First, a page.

History and Archaeology

Where is Miriam’s Well Today? Archaeology Discovers the Hebrew Bible

Rabbinic writings make it clear that Miriam’s Well accompanied the Israelites when they entered their land and was hidden away in the Sea of Galilee:
Where is Miriam’s well? …everyone who goes up on Mount Jesimon sees something like a small sieve in the Sea of Tiberias (the Sea of Galilee); this is the well of Miriam. (Midrash  Rabbah  Kohelet 5:10)[1]
And where is its place in the Sea of Galilee?
The Sages said,“It is located opposite the middle gate of the ancient synagogue of Sarongin [Sarangaia, a town near the Sea of Galilee]… which is located opposite the middle gate of the ancient synagogue of Tiberias.”[2]
Five hundred years ago, the great Kabbalist, Rabbi Isaac Luria, lived in Israel. He located the burial place of many of our Sages. His leading disciple, Rabbi Chaim Vital, testifies that his mentor revealed to him that Miriam’s Well is located on the southern coast of Tiberias:
When you walk along the Sea of Tiberias to the Tiberias springs, exactly halfway along the way, in a place where there are many palm trees on the beach that face a tower at the top of the mountain—there is the Well of Miriam.
Rabbi Chaim Vital tells how his teacher took him to the place of the well and gave him a drink of its water:
My teacher of blessed memory went to Tiberias and took me with him… when we were going on a boat in the water opposite the pillars of the old synagogue, my teacher of blessed memory then took one cup and filled it with water from between the columns, and gave me to drink from the water. He told me… the water you drank came from the Well of Miriam.
The Sea of Galilee - Kinneret 
Closer to our time, in 1844, Rabbi Chaim Halevi Horowitz gave very similar testimony about the place of the spring, based on a tradition known to people living in the Galilee:
When you go about halfway from Tiberias to the hot springs, there are ruins of thirteen synagogues. You will find there stones that enter into the Sea of Galilee, and after you go in a few yards, they say there is a distinct sign that [Miriam’s] Well is there.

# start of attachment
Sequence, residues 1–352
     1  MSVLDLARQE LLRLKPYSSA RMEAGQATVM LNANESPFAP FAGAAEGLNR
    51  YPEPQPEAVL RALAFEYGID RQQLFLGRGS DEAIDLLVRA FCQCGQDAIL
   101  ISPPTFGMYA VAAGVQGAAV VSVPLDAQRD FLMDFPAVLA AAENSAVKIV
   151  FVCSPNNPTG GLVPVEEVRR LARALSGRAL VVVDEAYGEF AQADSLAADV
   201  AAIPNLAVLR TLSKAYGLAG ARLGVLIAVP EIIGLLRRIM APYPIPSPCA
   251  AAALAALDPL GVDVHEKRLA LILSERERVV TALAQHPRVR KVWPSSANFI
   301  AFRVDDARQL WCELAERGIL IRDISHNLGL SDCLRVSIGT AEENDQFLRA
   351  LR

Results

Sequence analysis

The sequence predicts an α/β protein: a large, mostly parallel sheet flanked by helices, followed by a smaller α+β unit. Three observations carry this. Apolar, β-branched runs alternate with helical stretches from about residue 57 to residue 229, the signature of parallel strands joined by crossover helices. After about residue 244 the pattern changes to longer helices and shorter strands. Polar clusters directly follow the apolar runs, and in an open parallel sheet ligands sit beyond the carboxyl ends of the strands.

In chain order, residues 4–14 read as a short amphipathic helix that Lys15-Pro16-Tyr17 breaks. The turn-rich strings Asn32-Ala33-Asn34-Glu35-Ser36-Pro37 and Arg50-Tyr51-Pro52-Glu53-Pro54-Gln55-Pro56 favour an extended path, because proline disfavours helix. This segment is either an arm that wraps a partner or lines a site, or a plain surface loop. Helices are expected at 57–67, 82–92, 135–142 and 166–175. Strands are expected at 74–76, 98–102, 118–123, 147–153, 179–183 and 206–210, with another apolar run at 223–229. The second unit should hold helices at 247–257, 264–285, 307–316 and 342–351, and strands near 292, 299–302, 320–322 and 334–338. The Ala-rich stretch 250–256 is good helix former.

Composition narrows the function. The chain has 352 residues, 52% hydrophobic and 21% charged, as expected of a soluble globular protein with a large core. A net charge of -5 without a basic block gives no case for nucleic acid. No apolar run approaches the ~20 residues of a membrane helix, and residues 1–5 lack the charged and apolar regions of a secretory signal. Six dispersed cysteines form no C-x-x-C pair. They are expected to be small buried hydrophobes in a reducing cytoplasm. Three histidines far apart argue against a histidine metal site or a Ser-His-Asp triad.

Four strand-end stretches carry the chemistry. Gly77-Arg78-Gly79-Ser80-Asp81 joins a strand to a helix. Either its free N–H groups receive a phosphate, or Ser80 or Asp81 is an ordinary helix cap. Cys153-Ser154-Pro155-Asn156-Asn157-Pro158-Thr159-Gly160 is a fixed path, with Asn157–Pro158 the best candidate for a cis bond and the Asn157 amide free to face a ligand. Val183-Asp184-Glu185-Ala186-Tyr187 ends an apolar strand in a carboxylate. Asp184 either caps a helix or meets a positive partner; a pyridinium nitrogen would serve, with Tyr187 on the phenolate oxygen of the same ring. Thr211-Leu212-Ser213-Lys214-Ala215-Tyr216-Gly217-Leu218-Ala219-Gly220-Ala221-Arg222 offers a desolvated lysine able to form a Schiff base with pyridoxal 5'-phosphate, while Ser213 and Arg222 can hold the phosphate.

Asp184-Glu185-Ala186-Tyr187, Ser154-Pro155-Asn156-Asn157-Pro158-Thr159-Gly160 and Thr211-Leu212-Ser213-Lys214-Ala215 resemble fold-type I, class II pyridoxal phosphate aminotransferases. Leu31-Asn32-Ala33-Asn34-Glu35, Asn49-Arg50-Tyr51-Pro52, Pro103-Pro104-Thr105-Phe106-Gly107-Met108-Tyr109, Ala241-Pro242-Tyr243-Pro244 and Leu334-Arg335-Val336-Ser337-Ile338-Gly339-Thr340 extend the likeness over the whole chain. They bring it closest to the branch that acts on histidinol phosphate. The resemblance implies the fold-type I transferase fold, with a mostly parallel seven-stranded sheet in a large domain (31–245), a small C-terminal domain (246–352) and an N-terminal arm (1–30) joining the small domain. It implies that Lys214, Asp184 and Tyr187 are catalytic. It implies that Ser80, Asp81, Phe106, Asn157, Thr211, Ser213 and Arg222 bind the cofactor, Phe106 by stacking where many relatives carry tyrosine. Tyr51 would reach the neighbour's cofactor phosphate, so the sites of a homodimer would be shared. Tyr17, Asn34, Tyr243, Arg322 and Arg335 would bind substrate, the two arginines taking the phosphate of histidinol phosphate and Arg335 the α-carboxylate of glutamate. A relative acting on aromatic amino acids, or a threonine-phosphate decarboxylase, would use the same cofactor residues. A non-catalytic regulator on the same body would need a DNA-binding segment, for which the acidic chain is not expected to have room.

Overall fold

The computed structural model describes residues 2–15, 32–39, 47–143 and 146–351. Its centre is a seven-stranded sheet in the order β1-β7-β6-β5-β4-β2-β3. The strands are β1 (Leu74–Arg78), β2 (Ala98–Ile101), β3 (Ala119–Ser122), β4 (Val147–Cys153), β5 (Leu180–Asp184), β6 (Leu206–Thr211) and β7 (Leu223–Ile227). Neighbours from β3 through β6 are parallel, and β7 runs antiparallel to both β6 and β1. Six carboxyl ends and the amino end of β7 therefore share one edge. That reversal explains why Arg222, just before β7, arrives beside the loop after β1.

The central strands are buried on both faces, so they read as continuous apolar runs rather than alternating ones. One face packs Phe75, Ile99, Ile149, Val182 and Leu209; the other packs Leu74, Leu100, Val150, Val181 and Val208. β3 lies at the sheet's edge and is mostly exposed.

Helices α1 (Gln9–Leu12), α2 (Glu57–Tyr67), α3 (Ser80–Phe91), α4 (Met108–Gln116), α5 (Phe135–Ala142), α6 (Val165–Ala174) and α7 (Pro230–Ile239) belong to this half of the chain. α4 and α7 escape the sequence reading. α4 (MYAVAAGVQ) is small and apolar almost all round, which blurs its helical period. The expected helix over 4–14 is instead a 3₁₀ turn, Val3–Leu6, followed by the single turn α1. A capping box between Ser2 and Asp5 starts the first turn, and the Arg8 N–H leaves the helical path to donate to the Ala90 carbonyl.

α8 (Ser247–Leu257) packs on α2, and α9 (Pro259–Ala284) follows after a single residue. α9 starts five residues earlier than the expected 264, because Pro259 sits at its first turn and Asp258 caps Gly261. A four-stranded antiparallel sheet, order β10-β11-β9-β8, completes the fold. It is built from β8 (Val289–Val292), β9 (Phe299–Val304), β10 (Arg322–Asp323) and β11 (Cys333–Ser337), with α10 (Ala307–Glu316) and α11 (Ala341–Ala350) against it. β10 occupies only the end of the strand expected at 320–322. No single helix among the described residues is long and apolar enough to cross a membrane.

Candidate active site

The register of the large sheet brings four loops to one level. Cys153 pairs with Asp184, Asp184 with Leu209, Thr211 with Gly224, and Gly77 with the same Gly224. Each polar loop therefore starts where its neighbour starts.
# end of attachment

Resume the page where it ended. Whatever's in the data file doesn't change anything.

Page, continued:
What is common to all the sources we have cited is that they identify the Well of Miriam as being not far from the Tiberias beach, near the ancient stone pillars which belonged to one or more of the city’s old synagogues.
In 2009, an Israeli archaeologist claimed to have discovered an ancient site on the coast of Tiberias, similar to the place of the spring described by Rabbi Chaim Vital and Rabbi Horowitz as the place of Miriam’s Well:
A historical and archaeological study, conducted by archaeologist and former Israel Antiquities Authority employee Yossi Stefanski, apparently discovered on the Sea of Galilee’s shore the place identified by [Isaac Luria] as Miriam’s Well. The discovery is part of a new study of the tombs of holy men and other holy places conducted in partnership with the Jerusalemite researcher of holy tombs, Israel Herzberg.
Equipped with descriptions from the holy Scriptures, Stefanski surveyed Tiberias and found that the pillars described in the sources about Miriam’s Well are still on the Tiberias shore.
The place is south of the municipal beach, between it and the Holiday Inn Hotel (the former Hamei Tiberias) beach. He also found an old photograph of the place in the Israel Antiquities Authority archives in Jerusalem showing the columns. This indicates that at this place stood an ancient structure which was previously identified as the “Old Synagogue” of Tiberias, in the Talmudic and Mishnaic period.
During the period of the holy Ari (Isaac Luria, sixteenth century C.E.), this section of the beach was covered with sea-water. The sea level was two meters higher than its level today and the columns were covered with water. It is possible that the holy Ari gave his disciple, Rabbi Chaim Vital, water to drink from this water. Today following the drop in the water level, the columns have become exposed for all to see.
We are also promised that the wondrous well that helped the Jewish people so much in their journey in the desert will return to us:
“And on that day, living waters will come out of Jerusalem”—this is referring to the Well of Miriam, which will flow in Jerusalem and will irrigate the surrounding areas…

Notes & Sources
[1] Midrash  Rabbah  Kohelet 5:10.  Some  rabbis  claim  that  the  well  is  in  the Mediterranean  Sea:  “One  who  wants  to  see  the  Well  of  Miriam  should  go  to  the  top of  Mount  Carmel  and  watch  for  a  kind  of  sieve  [a  round  rock  with  holes  like a  sieve]  in  the  sea;  this  is  the  Well  of  Miriam.”  (Talmud  Shabbat 35a).  (The  Radal’s commentary  [16]  to  Midrash  Vayikra  Rabbah 22:4  states  that  the  correct  text  of  Shabbat 35a  might  be  “should  go  to  the  top  of  Mount  Jesimon.”  The  apparent  contradiction  may  be  resolved  by  attributing  a  spiritual  quality  to  Miriam’s  Well  which  doesn’t  limit  it  to  one  place.  Jewish  law  states  that  “every  Saturday  night,  the  Well  of  Miriam  encircles  all  the  wells.”  Rema 299:10).
[2] Talmud  Yerushalmi Kilayim89:32;  Midrash Vayikra  Rabbah 22:4.

Adapted from ‘Hidden Treasures – Archaeology Discovers the Hebrew Bible’ by Rabbi Zamir Cohen. Click here to buy

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